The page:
A general view taken on March 3, 2015 shows the citadel (background) in the northern Syrian city of Aleppo, where dozens were killed on March 4 when rebels set off a powerful tunnel explosion targeting an intelligence headquartersSyrian rebels launched a fierce attack on an intelligence headquarters in Aleppo, leaving at least 34 dead, days after the opposition rejected a UN ceasefire plan for the city. At least 20 members of regime security forces and 14 rebels were killed Wednesday in a powerful blast and attack targeting air force intelligence offices in the west of Aleppo, the Syrian Observatory for Human Rights said. It came as President Bashar al-Assad insisted he continues to enjoy the support of the Syrian people despite nearly four years of war and international pressure on his regime. "The goal was to storm the building and to control it, but they failed," Rami Abdel Rahman, the director of the Britain-based monitoring group, told AFP.


· Concern grows for civilians as noose tightens around Tikrit

Iraqi government forces and allied militias take up positions in the northern part of Diyala province, as part of an assault to retake the city of Tikrit from jihadists of the Islamic State (IS) group, on March 4, 2015Concern mounted over the fate of civilians in Tikrit where Iraqi forces were trying to trap Islamic State group jihadists on the third day of a huge offensive to retake the city. Around 30,000 security forces and allied fighters launched Monday the biggest anti-IS ground operation yet in Iraq, closing in on Tikrit from at least three directions.


· US envoy to SKorea in stable condition after knife attack

U.S. Ambassador to South Korea Mark Lippert placing his right hand on his face leaves a lecture hall for a hospital in Seoul, South Korea, Thursday, March 5, 2015 after being attacked by a man. Lippert was in stable condition after the man screaming demands for a unified North and South Korea slashed him on the face and wrist with a knife, South Korean police and U.S. officials said. The board at right reads: "U.S. Ambassador to South Korea Mark Lippert's lecture." (AP Photo/Yonhap, Kim Ju-sung) KOREA OUTSEOUL, South Korea (AP) — U.S. Ambassador Mark Lippert was in stable condition after a man screaming demands for a unified North and South Korea slashed him on the face and wrist with a knife, South Korean police and U.S. officials said Thursday.


· 'Duang!' Chinese poke fun at Jackie Chan with nonsense word

FILE - In this March 3, 2014 file photo, Hong Kong movie star Jackie Chan, center, is escorted by officials as he is surrounded by journalists upon arrival at the Great Hall of the People to attend the opening session of the Chinese People's Political Consultative Conference (CPPCC) in Beijing. Jackie Chan might still be popular in China, but nowadays the pro-Beijing actor is as well-known as fodder for jokes as he is for his gritty martial arts and slapstick humor on screen. His latest contribution to the country’s mass culture and entertainment: “duang.” It’s not a word, but a sound he made in an old TV commercial meaning something like “ta-da!” A new mash-up video of the old ad has made “duang” a trending topic on China’s social media. (AP Photo/Andy Wong, File)BEIJING (AP) — Jackie Chan might still be popular in China, but nowadays the pro-Beijing actor is as well-known as fodder for jokes as he is for his gritty martial arts and slapstick humor on screen. His latest contribution to the country's mass culture and entertainment: "duang."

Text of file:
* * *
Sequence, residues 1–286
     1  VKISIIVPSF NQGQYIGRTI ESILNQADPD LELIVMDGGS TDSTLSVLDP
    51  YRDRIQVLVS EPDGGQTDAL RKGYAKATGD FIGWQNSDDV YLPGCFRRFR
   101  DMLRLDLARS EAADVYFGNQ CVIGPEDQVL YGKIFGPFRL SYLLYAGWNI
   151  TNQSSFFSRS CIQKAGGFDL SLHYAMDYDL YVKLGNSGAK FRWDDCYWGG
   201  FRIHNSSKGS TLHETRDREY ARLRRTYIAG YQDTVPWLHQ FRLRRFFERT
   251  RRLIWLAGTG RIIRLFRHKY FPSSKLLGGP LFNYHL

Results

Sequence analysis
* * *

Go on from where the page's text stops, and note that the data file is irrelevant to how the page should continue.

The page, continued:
· Facebook posts about job land US contractor in Emirates jail
A hallmark of American life — griping about work — has landed a Florida man in a Middle Eastern jail.
· US seeks UN action on Syria chlorine attacks

The United Nations Security Council votes during a meeting on March 4, 2015 at the United Nations in New YorkThe United States is pushing the UN Security Council to threaten tough measures against the Syrian regime over its alleged use of chlorine in attacks, according to a draft resolution circulated to members. The US move at the United Nations followed a report by the OPCW chemical watchdog in January that concluded "with a high degree of confidence" that chlorine gas had been used in attacks on three villages in Syria last year.


· Libya asks UN to approve arms contracts

A Libyan soldier, loyal to the internationally recognised government, rests on a sidewalk in the eastern coastal city of Benghazi on February 28, 2015Libya urged the UN Security Council to approve a request for military purchases as it struggles to combat Islamic State extremists and protect its oil fields. The internationally-recognized government, one of two bodies that claims to rule troubled Libya, has asked the council's sanctions committee to grant an exemption to an arms embargo and allow it to beef up its air force. "The leadership of the Libyan army has submitted specific requests for exemptions from the arms embargo to the sanctions committee," Libyan Ambassador Ibrahim Dabbashi told the 15-member council.